There are only three owls in the Scotopelia genus, all of which live in sub-Saharan Africa and are closely related to the Ketupa owls.
Pel’s fishing owl is the most widely distributed species. Its range spans most of sub-Saharan Africa. It is a large, heavy species, measuring up to two feet tall, with a five-foot wingspan, weighing around five pounds. Pel’s fishing owls inhabit riverine forests but can also be found along lakes, wetlands, and estuaries.
Fishing owls are well-adapted to their aquatic lifestyle. They have minimal feathering on their legs and spiky scales at the bottom of their feet for gripping slippery fish. These owls are sensitive to habitat destruction due to their reliance on large freshwater bodies and are impacted by damning, siltation, draining, overfishing, and water pollution.
The rufous fishing owl, endemic to West Africa, is in rapid decline due to habitat loss and persecution. It is classified as “vulnerable” on the IUCN Red List. Its close relative, the vermiculated fishing owl of tropical west-central Africa, appears to be doing much better, having a wide range and stable population.
There are 22 species of the genus Strix, of which only three are found in Africa. Wood owls are robust, powerful raptors of the forest. They are highly nocturnal and prey on small mammals, reptiles, and birds.
Wood owls can be easily distinguished from eagle owls by their rounded heads, lack of ear tufts, and distinctive hooting. The African wood owl is widespread across sub-Saharan Africa. It has rich brown plumage with pale underparts, large dark eyes, and white brows. Pairs can be heard calling in duet at night.
In the north of the continent, there is the Maghreb owl, which is found in northwestern Africa, and the desert owl, which inhabits rocky ravines, desert, and palm groves of the Arabian Peninsula—in Africa, it can only be found in Egypt.
There are only two species of white-faced owls. Once considered the same species, they have gone their separate ways taxonomically. The northern white-faced owl has a range that spans from Senegal and Gambia in the west to Djibouti and Kenya in the east.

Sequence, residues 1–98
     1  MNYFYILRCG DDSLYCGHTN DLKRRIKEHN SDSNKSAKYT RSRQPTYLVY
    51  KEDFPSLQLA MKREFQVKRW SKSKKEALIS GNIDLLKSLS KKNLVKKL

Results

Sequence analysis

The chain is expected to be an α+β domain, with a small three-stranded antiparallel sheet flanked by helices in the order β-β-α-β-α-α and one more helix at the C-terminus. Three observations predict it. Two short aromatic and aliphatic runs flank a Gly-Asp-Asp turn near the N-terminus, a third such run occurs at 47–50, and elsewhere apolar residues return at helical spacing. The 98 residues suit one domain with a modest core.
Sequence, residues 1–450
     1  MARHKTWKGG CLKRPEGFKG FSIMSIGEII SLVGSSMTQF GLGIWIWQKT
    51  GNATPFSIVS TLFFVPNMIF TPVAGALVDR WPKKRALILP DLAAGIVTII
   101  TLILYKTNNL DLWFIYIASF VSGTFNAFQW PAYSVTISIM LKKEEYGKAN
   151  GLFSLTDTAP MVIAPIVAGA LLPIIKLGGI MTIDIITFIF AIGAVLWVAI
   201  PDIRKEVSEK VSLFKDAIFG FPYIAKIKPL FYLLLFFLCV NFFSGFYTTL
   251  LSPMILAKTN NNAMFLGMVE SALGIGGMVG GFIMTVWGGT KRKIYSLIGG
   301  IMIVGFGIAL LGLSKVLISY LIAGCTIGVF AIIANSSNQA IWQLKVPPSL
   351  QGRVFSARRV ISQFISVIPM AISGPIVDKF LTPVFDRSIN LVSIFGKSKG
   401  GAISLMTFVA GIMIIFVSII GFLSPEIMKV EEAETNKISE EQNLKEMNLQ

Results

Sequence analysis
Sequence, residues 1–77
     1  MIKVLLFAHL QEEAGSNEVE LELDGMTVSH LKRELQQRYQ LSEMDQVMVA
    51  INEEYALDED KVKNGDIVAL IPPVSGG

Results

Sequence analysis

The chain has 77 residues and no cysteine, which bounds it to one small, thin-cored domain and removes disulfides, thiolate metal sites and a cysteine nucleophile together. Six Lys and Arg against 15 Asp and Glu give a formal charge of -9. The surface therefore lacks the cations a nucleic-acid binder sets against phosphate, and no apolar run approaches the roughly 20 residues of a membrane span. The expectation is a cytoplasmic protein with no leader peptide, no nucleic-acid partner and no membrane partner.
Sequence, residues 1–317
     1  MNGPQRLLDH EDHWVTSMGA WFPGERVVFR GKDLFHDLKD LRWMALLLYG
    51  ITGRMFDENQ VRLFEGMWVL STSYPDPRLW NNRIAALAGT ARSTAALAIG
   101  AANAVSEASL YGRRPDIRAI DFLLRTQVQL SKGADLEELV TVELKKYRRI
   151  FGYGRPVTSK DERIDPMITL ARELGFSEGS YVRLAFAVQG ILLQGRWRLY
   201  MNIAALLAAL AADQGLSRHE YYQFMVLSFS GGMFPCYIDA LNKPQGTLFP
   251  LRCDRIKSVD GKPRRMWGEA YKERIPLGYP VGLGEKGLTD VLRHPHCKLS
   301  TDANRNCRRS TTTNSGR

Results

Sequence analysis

Its southern counterpart, the southern white-faced owl can be found across most of southern Africa and as far north as Uganda. Both species have white faces for which they are named. They have grey plumage with dark streaks and whitish underparts. The northern white-faced owl is paler, with more white in its plumage and less streaking on the underparts.
Eared owls are named for their prominent ear tufts. They also have distinctive facial discs and long wings. There are four African owl species that belong to the eared owl genus Asio.
The marsh owl has a sporadic distribution across southern Africa. It inhabits grasslands, marshes, and scrublands, nesting on the ground and feeding on insects and small vertebrates. Though not listed as endangered, marsh owls are at risk due to habitat loss and destruction.
Other African species include the rare Abyssinian owl of Ethiopia and Kenya and the Madagascan owl, endemic to the Island of Madagascar.
The long-eared owl, which has an extensive range across the Northern Hemisphere can also be found in pockets of North Africa.
These are small owls with white-speckled brown plumage, white brows, and yellow eyes. They belong to the genus Athene. There are nine extant species of little owls, of which only two are found in Africa.
The Owl of Minerva, or simply the little owl, is the most widespread with a range that spans across Eurasia and North Africa. This species has long been associated with the Roman goddess Minerva (or Athena in Greek mythology) and represents knowledge and wisdom.
The only other species found in Africa is the white-browed owl, endemic to Madagascar where it is found in dry forests and cultivated lands. It is a small, dumpy owl with a rounded head and prominent white brows.
Also known as the Congo bay owl, this species has been placed in the bay owl genus, Phodilus, but is now believed to be more similar to the barn owls. It may also be a monotypic species in a genus of its own.
The Itombwe owl is a peculiar-looking bird. It resembles the barn owl in plumage colouration and facial characteristics but is smaller with a U-shaped facial disc.
It is a rarely encountered species, and little is known about its ecology and geographic range, but it is believed to inhibit montane forests in Central Africa. While its taxonomy, ecology, and distribution remain unclear, its conservation status is almost certain. Itombwe owls are listed as endangered due to habitat loss.
The maned owl is the only species in the genus Jubula, named for its long, white-tipped ear tufts that flop to the sides, resembling a mane. It is a medium-sized owl with a large head and rufous plumage with streaked buff underparts.
The species has a patchy distribution in West and Central Africa. Maned owls live in tropical rainforests and nest in tree cavities or the abandoned stick nests of other birds. As with the Itombwe owl, little is known about the species.
The African continent is rich in owl species, which is fortunate since owls are ecologically valuable, playing an important role in controlling pest populations.
Their value is especially high in the agricultural sector. Despite this, they are still heavily persecuted across the continent. More awareness outreach is needed to debunk myths and educate people on the importance and value of these mystical birds.